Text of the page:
As prehistoric birds emerged, giant insects departed

As the first birds took to the skies about 150 million years ago, huge insects started to decline, say scientists. 

Wolfgang Zessin and Matthew Clapham
A fossilized insect wing from the species Stephanotypus schneideri and it is about 300 million years old. The wing is about 7.5 inches (19 centimeters long), substantially smaller than the largest fossil insect (Meganeuropsis permiana, about 33 cm long). Superimposed on the fossil is a drawing of the largest Cenozoic insect (it's about 12 million years old), Epiaeschna lucida, which comes in at 2.6 inches (6.7 cm) long, similar to modern insects.

Millions of years ago, oversized insects like griffinflies boasting wingspans comparable to today's hawks scuttled across (and fluttered above) the planet. But why these jumbo jets of the insect world shrunk to modern size has remained a mystery, until now.

Turns out, as dinosaurs evolved flight and eventually took to the skies as birds, they beat down the huge insects already living there, effectively putting a cap on insect size through predation and competition in the prehistoric skies, as birds developed into sophisticated flying machines.  

"The change in insect size is gradual," study researcher Matthew Clapham, of the University of California, at Santa Cruz, told LiveScience. "This gradual change fits quite nicely with the gradual evolution in birds at the time."

Insects during the Permian era (about 290 million to 250 million years ago) were huge compared with their counterparts today, boasting wingspans up to 30 inches (70 centimeters) across. The high levels of oxygen in the prehistoric atmosphere helped fuel their growth.

For comparison, the biggest modern winged insect is a dragonfly from the tropics, which has a wingspan of about 8 inches (20 centimeters) across. [Dazzling Photos of Dew-Covered Insects]

To figure out why modern insects are no longer so big, the researchers compiled a database of wingspan measurements of 10,500 fossilized insects from the last 320 million years of insect evolution. The authors found that during the first 150 million years of insect evolution, the wingspans on these insects mirrored levels of atmospheric oxygen; the more oxygen in the atmosphere, the larger the insects the environment could support.

These flying insects need lots of oxygen to support their flight muscles, Clapham said, and since their breathing tubes are inefficient, they need high atmospheric oxygen levels to grow large. The more oxygen in the environment, the more muscle mass the insect can provide oxygen for and the larger the insect can be.

Around 140 million years ago, though, things changed. Insect wingspan stopped depending on oxygen levels and started dropping.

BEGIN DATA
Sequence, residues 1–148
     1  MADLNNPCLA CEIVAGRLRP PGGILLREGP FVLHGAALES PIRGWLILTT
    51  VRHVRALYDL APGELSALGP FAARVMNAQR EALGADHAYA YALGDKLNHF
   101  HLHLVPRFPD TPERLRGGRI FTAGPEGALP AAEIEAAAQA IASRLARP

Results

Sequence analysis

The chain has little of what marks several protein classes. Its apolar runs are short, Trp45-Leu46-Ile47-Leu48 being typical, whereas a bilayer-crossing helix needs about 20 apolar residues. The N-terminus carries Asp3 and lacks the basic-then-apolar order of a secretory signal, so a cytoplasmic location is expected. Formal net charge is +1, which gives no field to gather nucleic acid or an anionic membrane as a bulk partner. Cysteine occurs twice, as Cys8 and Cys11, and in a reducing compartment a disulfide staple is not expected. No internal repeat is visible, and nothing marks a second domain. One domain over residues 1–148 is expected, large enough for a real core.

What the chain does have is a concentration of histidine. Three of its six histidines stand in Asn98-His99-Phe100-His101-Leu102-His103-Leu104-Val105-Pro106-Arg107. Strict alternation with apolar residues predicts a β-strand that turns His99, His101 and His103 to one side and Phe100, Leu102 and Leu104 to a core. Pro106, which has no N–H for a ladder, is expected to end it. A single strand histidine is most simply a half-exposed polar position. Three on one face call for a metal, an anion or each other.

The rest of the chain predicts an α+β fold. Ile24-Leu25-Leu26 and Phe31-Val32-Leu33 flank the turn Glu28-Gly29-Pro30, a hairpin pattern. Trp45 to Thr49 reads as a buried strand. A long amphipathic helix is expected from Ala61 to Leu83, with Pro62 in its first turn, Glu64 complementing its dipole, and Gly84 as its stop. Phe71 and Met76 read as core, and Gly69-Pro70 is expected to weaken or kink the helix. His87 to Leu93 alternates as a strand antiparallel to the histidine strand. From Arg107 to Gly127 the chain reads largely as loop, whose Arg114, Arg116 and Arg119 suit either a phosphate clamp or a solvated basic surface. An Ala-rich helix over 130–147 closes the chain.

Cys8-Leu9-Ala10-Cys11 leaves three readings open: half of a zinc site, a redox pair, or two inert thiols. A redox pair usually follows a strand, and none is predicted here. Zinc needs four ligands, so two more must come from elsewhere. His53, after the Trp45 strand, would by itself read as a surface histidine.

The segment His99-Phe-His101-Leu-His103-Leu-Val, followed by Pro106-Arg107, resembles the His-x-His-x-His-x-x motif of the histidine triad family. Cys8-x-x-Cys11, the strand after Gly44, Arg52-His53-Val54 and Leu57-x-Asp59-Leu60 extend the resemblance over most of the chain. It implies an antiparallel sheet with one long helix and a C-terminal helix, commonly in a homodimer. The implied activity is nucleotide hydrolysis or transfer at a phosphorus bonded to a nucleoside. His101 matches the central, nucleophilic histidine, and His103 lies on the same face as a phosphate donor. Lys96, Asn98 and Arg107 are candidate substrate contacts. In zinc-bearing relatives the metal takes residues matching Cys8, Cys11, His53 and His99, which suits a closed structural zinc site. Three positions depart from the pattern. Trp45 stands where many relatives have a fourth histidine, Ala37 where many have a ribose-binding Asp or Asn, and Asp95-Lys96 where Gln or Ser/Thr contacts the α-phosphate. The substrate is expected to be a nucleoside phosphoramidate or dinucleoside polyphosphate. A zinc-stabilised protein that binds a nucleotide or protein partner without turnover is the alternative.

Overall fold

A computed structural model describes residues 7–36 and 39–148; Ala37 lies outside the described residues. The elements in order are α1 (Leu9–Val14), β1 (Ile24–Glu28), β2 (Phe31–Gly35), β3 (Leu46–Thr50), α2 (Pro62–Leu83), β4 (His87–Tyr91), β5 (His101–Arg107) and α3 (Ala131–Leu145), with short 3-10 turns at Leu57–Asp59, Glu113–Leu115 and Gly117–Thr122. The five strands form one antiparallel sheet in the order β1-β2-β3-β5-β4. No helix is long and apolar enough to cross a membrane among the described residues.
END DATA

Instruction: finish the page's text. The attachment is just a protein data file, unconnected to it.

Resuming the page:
The researchers noticed that this change happened around the same time that birds first took to the skies. About 150 million years ago, the "first bird" Archaeopetryx appeared, and about 25 million years later, the lineage had diversified greatly.

Over time, the birds developed physical features that enabled quick flying and better maneuvering. As a result, they started eating the large insects, and competing with them for food sources.

"These large insects are predatory, and they eat smaller insects. It's possible that birds may have also eaten small insects, as many modern birds do," Clapham said. "If they are competing for the same resourse, birds may have been better competitors for these food sources."

A second slump in insect size happened about 60 million years ago, which the researchers think could be related to the evolution of bats, further increases in birds' aerial abilities, or to the mass extinction event that killed the dinosaurs.

The study is detailed today, June 4, in the journal Proceedings of the National Academy of Sciences.

You can follow LiveScience staff writer Jennifer Welsh on Twitter, on Google+ or on Facebook. Follow LiveScience for the latest in science news and discoveries on Twitter and on Facebook.

Copyright 2012 LiveScience, a TechMediaNetwork company. All rights reserved. This material may not be published, broadcast, rewritten or redistributed.

You've read  of  free articles. Subscribe to continue.

Dear Reader,

About a year ago, I happened upon this statement about the Monitor in the Harvard Business Review – under the charming heading of “do things that don’t interest you”:

“Many things that end up” being meaningful, writes social scientist Joseph Grenny, “have come from conference workshops, articles, or online videos that began as a chore and ended with an insight. My work in Kenya, for example, was heavily influenced by a Christian Science Monitor article I had forced myself to read 10 years earlier. Sometimes, we call things ‘boring’ simply because they lie outside the box we are currently in.”

If you were to come up with a punchline to a joke about the Monitor, that would probably be it. We’re seen as being global, fair, insightful, and perhaps a bit too earnest. We’re the bran muffin of journalism.

But you know what? We change lives. And I’m going to argue that we change lives precisely because we force open that too-small box that most human beings think they live in.

The Monitor is a peculiar little publication that’s hard for the world to figure out. We’re run by a church, but we’re not only for church members and we’re not about converting people. We’re known as being fair even as the world becomes as polarized as at any time since the newspaper’s founding in 1908.

We have a mission beyond circulation, we want to bridge divides. We’re about kicking down the door of thought everywhere and saying, “You are bigger and more capable than you realize. And we can prove it.”

If you’re looking for bran muffin journalism, you can subscribe to the Monitor for $15. You’ll get the Monitor Weekly magazine, the Monitor Daily email, and unlimited access to